Lady Bird

Year: 2017
Production Co: Scott Rudin Productions
Director: Greta Gerwig
Producer: Scott Rudin
Writer: Greta Gerwig
Cast: Saoirse Ronan, Laurie Metcalf, Tracy Letts, Lucas Hedges, Timothée Chalamet

I wasn't the least interested in Lady Bird when I first heard about it. Not only do I not respond at all to most movies from the kids' point of view when it's about the generation gap between them and their parents, it looked like the same coming of age/finding yourself tale I've been watching since I was a teenager myself.

When it rode success all the way to the Oscars, I got more intrigued. Whatever secret sauce writer/director Greta Gerwig (seeming to be in full autobiography mode) wrangled, it must have been something very special and different to be up for Best Picture.

No such luck. When I wasn't bored at the 'kid wants to be rebellious' cliches I was irritated at what an entitled, self-absorbed little shit Lady Bird/Christine (Saoirse Ronan) was.

She's grown up in Sacramento like Gerwig did, and (presumably also like Gerwig) longs to study amid the more refined culture at the US east coast colleges where literature and art are more appreciated than in the cookie cutter suburban California of her youth.

Problem is Lady Bird (she gives herself the idiotic name seemingly as part of her rebellion) isn't doing well enough at school to make it on a scholarship, and her financially strugging parents (Laurie Metcalfe and Tracy Letts) can't afford to send her to any of the schools she thinks befit her talents.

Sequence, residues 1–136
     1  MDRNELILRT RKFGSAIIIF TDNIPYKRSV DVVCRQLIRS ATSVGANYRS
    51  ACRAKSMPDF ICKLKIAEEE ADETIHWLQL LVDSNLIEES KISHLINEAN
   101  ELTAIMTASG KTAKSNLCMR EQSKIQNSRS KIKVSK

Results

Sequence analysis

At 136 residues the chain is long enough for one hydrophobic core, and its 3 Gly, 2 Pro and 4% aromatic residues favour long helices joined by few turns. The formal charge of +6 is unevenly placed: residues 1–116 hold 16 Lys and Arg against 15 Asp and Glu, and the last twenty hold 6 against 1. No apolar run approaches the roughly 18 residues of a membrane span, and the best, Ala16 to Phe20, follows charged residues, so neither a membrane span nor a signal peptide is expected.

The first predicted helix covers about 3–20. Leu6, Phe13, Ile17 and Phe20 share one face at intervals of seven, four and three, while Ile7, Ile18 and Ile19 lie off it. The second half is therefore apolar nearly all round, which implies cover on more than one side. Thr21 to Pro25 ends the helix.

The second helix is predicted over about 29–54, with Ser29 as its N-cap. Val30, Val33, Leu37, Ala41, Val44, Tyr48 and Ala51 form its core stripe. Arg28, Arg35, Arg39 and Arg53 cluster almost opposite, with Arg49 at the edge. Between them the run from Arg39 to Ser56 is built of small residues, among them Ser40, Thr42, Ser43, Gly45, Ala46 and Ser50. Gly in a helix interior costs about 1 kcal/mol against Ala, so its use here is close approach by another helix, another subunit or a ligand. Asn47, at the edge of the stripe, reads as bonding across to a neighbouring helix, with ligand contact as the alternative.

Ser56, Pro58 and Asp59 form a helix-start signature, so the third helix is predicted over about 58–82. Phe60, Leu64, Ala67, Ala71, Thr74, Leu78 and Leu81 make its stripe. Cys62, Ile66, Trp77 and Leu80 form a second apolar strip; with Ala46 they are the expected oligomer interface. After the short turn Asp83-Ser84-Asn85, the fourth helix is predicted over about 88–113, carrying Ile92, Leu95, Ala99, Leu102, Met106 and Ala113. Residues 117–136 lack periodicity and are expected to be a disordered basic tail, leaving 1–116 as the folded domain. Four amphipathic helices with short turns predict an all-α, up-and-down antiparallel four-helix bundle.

The plot itself depicts her adventures going to a restrictive Catholic school with her best friend, falling for a clean cut boy who has a dark secret, falling for a too-cool emo kid any parent would have figured out from a mile away and trying to be the artist she believes herself to be in the school production.

There are a few weird asides like her drama teacher priest who seems to have depression (but which is never mentioned again) that made me wonder how much padding Gerwig had left in the script, but I might just be seeing more errant loose ends than there was because I was so irritated by the main story.

To be fair to the script, Lady Bird's parents are treated with sympathy instead of being depicted as tyrants who just want to make their daughter's life miserable. The conflict is more because she's railing against her upbringing than them as people. Her outspoken mother just wants her to be realistic and a bit appreciative, and her poor Dad is the meat in the sandwich.

But Lady Bird herself is just another entitled brat in a movie you've seen a hundred times that has nothing special visually or narratively to recommend it. The older I get and the more of these I see, the more I like the idea of a few years of compulsory military service for teenagers. I just wanted to slap her.

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